What links the Grenfell Tower disaster, our sewage-filled rivers, and the epidemic of hardworking people around Britain being paid under the minimum wage? The answer, rather anticlimactically, is regulation.
Rules and regulations are not generally popular with anyone. It would be frankly a rather weird fixation to be a regulation enthusiast. And yet we are now seeing the reality of a world where regulation has been neglected to the point of impending institutional collapse. That sense you might share that things in Britain have gotten a bit shabbier, business acts a bit meaner, nothing works, and life is just a shade crappier than it was, well, that’s real, and bad regulation is a major cause.
Tory deregulation: arbitrary and irresponsible
This is made clear via a new paper from Progressive Britain which, full disclosure, I had a hand in publishing, working with the author Matt Bevington. Matt has gone back through a decade of successive Conservative government’s thinking on regulation to understand how we got here.
Some of it would be hilarious if it weren’t so serious. The new Cameron government in the 2010s brought in a one-in-one-out rule for regulation, i.e., each new regulation had to have a corresponding deleted regulation. Not exactly logical, but in theory it maintains the status quo. By 2013 this was escalated to a one-in-two-out rule, before ramping up to one-in-three-out by 2015. Eventually, the ever-sensible Theresa May took us back to one-in-two-out in 2017.
Sadly though, the story continues right up to the present day. The paper finds the government has no clue if its own regulation is good or bad and seems uninterested in finding out. One in four regulatory impact assessments are rated “not fit for purpose” by their own watchdog. In one instance, a Treasury impact assessment was found to miscalculate the potential impact of regulatory changes by £1bn a year.
So, when yesterday the former head of Ofwat, the utilities regulator, Cathryn Ross told a parliamentary select committee (as reported in the FT) “Ofwat’s leadership had not always made perfect decisions but insisted it had fulfilled its statutory duties,” she is probably right.
But these duties have been put together by a government and a system that we should have virtually no confidence in.
Business interests prized above all else
At its most serious this is a life and death matter. The Grenfell Tower tragedy in June 2017 was a catalogue of regulatory failings – some associated with the building itself, others with the cladding, and yet more with the enforcement and inspection system – that cost the lives of 72 people. A report on the tragedy by the Fire Brigades Union blamed “deregulation”, claiming that business interests were placed above people living in council and social housing.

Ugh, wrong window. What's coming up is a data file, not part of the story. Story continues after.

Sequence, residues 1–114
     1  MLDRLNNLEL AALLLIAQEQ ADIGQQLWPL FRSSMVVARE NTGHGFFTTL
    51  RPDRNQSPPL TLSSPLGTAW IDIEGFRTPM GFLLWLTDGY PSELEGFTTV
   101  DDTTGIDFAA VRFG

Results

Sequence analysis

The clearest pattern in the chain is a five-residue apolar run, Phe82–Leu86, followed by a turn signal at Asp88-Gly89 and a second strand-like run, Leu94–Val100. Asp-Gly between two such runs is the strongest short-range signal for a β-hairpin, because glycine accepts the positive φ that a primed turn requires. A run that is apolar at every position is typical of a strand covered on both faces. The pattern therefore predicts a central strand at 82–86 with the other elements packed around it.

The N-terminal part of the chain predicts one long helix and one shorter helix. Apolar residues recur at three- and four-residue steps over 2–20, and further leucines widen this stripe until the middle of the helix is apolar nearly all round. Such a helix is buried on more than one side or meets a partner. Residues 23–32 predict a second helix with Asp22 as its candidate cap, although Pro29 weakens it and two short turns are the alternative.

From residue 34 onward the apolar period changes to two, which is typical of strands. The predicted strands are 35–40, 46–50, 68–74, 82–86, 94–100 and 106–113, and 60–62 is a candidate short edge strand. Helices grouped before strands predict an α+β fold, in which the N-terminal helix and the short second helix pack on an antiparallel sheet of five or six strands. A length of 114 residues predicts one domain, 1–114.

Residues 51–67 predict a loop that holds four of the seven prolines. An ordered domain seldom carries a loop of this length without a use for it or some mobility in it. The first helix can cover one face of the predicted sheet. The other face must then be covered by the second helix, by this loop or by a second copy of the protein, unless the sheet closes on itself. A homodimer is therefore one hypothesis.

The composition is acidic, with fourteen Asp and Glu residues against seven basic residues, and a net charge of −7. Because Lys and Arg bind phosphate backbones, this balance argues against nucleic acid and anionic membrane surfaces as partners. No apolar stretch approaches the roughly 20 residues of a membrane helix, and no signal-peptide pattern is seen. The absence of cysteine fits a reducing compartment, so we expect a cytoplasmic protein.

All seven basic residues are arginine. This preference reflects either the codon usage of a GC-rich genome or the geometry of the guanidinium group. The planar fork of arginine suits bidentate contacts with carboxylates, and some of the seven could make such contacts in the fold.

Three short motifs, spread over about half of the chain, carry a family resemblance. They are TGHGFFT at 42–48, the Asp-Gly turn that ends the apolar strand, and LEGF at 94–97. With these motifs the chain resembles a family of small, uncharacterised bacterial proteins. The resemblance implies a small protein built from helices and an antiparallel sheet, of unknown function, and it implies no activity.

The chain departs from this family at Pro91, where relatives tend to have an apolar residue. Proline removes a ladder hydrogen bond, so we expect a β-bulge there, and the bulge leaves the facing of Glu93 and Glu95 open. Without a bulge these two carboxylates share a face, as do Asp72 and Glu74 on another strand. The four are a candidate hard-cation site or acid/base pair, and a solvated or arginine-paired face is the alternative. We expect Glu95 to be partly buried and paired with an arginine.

And whether you know it or not, in a smaller way, you are likely to have been directly affected. The collapse of energy provider Bulb – caused by a deregulated ‘competitive’ energy market struggling to handle the impact of the war in Ukraine – is estimated to have cost every UK taxpayer £200.
Where there is regulation, enforcement has collapsed, as government has cut the funding of the bodies who carry it out to the bone. Health and Safety Executive prosecutions fell by more than 70% between 2009/10 and 2021/22. Fire safety audits by local fire and rescue services have fallen by more than 40% since 2010. Almost a quarter of workers eligible for it are currently paid under the minimum wage.
Britain is a country where fairness and rules are highly prized by everyone – except the government – and that is why things feel so grim these days.
Good regulation ultimately benefits all
So what is to be done? The position is far from irretrievable, even if it is bleak. An incoming Labour government could and should restore the funding to the regulatory bodies who are supposed to protect us. It can beef up their powers to protect consumers. It can start seriously scrutinising the impact of its proposed regulation and taking seriously the impact assessments carried out by civil servants.
But more than this, it can start to direct regulation towards the national interest. Their five missions provide a template for the fairer, better country we all want to see. Labour’s regulatory agenda can be directed at growth, health, opportunity, the environment, and a safer society.
We can be optimistic, not just about a country that feels safe and fair again, but one where people and businesses are all pulling together to deliver on these missions for everyone’s benefit. And it all starts with regulation, regulation, regulation.